How to beat the post-holiday blahs
January 2nd. This is the day most people vow to turn over a new leaf – to eat better, drink less, work out more, the list goes on. Usually, this is prompted by a holiday season whose cup has turned into a waterfall of indulgent behavior: eggnog, cocktail party canapés, turkey dinner with all the trimmings (sometimes more than one). These can quickly leave you looking and feeling like a beached whale. Putting on your skinny jeans results in an emotional meltdown not experienced since the final episode of Sex and the City, and though you desperately want to do something about it, you have zero energy. In fact, the mere mention of hitting the gym gives you a level of anxiety you can’t remember feeling since your first date, or last year when you made the same “feel better, look better” commitment.
Making a verbal commitment is one thing, but actions speak louder than words, so without wasting any more time let’s get down to the root of things – upping those energy levels. Most exercise advocates will tell you confidently that one of the best side effects of regular workouts is increased energy. Even though the first few sessions may be a far cry from enjoyable, with patience and persistence, you will see and feel results. There may be a deeper underlying issue however, if you find that in spite of better diet and lifestyle, the lethargic feeling that should have left around week two of the New Year is still very much present. Enter the adrenal glands.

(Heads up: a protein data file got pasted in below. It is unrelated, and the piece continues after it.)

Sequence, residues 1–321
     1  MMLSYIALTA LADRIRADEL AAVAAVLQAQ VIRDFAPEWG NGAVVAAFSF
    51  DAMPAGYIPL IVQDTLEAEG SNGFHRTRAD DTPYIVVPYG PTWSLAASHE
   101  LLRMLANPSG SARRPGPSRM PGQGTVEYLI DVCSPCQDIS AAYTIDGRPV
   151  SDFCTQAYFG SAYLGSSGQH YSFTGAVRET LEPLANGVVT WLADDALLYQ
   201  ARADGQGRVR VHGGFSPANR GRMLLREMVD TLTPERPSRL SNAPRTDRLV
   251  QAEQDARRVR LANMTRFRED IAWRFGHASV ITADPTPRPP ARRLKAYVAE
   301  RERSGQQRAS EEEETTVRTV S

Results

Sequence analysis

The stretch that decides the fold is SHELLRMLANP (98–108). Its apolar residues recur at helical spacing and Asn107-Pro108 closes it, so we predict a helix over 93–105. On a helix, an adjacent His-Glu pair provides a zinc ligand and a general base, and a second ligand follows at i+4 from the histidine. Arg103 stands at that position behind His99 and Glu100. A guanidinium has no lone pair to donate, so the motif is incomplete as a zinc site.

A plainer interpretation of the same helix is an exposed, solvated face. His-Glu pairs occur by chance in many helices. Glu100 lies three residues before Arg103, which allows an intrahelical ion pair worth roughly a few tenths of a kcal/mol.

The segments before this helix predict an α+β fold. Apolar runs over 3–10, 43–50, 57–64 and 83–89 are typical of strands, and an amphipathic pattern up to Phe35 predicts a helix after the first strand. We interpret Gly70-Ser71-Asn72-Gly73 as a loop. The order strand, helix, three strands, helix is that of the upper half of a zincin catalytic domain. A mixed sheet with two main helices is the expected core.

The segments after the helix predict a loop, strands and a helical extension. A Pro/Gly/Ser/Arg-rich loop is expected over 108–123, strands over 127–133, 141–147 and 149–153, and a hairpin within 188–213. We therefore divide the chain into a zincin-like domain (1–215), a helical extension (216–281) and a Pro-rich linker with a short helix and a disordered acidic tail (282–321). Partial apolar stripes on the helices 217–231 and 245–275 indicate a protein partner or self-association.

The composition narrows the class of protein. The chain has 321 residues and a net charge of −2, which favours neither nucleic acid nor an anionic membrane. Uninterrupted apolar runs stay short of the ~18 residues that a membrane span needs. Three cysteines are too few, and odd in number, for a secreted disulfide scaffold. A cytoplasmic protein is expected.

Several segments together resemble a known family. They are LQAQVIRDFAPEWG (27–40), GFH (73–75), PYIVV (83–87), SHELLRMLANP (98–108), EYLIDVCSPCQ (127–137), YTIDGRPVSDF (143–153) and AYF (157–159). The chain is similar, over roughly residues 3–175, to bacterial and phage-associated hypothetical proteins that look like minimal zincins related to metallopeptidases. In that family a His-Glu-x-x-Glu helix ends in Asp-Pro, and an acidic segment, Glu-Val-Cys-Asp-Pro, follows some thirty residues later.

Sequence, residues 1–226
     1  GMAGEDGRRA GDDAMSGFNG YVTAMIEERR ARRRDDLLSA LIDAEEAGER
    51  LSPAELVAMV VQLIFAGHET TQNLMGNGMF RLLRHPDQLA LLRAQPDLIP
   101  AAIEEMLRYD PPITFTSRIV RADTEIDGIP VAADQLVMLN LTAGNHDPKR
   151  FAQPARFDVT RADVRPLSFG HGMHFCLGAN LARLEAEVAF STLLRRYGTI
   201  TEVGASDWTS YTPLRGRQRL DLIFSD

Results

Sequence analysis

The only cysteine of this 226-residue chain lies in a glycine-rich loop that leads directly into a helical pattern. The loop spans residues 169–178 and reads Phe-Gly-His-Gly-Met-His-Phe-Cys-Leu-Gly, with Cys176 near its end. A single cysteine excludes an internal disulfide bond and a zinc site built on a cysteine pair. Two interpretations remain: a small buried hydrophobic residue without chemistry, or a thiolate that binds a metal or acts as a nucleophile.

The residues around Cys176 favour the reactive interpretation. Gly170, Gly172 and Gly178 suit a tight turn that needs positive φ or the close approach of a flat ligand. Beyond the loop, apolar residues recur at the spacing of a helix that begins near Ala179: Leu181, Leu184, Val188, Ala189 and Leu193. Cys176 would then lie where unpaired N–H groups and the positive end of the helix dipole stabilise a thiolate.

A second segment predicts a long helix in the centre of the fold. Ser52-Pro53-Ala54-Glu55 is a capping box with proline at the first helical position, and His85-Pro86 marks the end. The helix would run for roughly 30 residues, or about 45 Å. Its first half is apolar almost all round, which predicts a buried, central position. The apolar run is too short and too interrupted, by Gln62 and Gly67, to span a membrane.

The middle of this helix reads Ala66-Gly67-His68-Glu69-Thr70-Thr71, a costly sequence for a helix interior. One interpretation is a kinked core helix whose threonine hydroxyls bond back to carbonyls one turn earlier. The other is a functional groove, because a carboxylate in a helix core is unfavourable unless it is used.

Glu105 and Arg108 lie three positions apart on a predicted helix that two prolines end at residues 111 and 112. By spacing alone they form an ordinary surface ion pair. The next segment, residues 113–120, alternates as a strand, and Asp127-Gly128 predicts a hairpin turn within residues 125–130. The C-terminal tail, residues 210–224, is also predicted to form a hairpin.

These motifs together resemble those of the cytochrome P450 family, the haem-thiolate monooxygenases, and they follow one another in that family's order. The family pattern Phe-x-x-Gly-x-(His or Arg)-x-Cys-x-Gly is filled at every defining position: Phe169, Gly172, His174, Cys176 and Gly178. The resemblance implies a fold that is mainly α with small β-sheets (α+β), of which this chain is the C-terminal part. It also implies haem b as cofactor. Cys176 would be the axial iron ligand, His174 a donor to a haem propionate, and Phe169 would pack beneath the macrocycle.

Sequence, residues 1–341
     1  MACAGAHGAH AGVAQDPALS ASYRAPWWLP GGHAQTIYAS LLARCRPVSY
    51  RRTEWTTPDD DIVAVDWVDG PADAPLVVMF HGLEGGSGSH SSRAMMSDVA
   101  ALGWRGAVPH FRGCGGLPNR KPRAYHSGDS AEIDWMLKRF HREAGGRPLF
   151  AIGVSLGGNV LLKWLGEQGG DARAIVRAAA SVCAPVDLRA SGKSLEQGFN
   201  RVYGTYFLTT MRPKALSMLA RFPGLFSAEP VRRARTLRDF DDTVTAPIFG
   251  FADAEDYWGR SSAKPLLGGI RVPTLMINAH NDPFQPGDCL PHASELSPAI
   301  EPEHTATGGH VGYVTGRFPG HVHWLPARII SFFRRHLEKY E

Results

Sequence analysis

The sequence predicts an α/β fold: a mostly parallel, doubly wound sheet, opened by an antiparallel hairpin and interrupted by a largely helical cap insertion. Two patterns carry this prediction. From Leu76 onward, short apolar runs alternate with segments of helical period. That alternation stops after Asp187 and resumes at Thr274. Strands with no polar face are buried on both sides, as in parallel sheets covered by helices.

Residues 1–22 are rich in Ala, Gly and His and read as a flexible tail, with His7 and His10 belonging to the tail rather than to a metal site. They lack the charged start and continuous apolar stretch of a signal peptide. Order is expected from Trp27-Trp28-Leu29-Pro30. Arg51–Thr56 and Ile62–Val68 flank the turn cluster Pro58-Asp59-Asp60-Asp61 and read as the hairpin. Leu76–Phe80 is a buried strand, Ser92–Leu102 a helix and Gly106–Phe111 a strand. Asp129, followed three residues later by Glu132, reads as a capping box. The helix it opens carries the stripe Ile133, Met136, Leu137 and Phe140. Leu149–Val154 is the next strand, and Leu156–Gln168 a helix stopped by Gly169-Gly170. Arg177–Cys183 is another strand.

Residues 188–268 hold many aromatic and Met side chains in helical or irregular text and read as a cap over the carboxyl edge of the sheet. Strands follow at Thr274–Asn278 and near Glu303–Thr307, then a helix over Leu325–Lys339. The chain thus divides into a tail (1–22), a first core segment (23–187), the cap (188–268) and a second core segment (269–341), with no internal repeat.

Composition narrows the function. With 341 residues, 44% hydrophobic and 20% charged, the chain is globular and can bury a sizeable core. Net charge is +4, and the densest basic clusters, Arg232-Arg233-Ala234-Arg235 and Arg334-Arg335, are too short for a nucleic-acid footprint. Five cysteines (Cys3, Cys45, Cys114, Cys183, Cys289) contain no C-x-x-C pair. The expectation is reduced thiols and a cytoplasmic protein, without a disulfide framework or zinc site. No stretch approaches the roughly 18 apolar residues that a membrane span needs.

These little guys (there are two of them) sit perched atop your kidneys and are responsible for pumping out a handful of hormones. Let’s first examine cortisone and cortisol, which are produced in the adrenal cortex. These two hormones, known as the glucocorticoids, are involved in maintaining normal cell metabolism as well as helping your body through times of stress. They do this by increasing blood glucose levels.
Just inside the cortex lies the adrenal medulla, whose cells release epinephrine (more commonly known as adrenaline) and norepinephrine (noradrenaline). Together, they are referred to as catecholamines, which are involved in the “fight or flight” response of the sympathetic nervous system, to short term stressors. To simplify it, think of the glucocorticoids as the team that helps get you through a bad break-up, and the catecholamines as the ones who hold your hand through a job interview.
Now consider the holiday season: last minute shopping, endless work functions and soirées, end-of-year deadlines, overindulgence in the food and drink department and sometimes hundreds of miles of travel. All these things can lead to your adrenals working overtime just to get you through. The end result? Burnout – otherwise known as adrenal fatigue. The good news is that with a little TLC in the nutrition and lifestyle departments, you can nurse your adrenals back to fighting form.
First things first: ditch the CAS (Caffeine, Alcohol and Sugar). Caffeine and alcohol are stimulants that can temporarily mask the signs of adrenal fatigue, and in the long run may contribute to even more deterioration. Excess sugar consumption can trigger an over-release of insulin, bringing blood sugar levels down too low (hypoglycemia), which in turn will trigger a release of the glucocorticoids. Over time, this pattern can place undue stress on the adrenals.